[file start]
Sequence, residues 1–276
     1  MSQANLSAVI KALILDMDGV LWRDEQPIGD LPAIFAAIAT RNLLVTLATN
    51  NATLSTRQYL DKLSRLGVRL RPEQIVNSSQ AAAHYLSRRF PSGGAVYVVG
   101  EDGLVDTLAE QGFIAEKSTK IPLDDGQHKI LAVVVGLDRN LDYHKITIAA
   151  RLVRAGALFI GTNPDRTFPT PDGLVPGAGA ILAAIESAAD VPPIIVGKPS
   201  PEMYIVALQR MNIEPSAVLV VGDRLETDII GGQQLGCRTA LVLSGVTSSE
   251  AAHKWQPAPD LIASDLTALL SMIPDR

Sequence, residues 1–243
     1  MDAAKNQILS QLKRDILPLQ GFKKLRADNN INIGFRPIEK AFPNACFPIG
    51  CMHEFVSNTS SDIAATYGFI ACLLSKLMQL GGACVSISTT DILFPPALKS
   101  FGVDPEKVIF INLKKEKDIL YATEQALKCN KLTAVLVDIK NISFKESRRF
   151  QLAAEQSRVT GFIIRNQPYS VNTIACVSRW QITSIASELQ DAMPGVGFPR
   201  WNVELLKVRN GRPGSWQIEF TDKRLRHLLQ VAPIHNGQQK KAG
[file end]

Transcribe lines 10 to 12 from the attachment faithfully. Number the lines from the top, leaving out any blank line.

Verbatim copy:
    51  CMHEFVSNTS SDIAATYGFI ACLLSKLMQL GGACVSISTT DILFPPALKS
   101  FGVDPEKVIF INLKKEKDIL YATEQALKCN KLTAVLVDIK NISFKESRRF
   151  QLAAEQSRVT GFIIRNQPYS VNTIACVSRW QITSIASELQ DAMPGVGFPR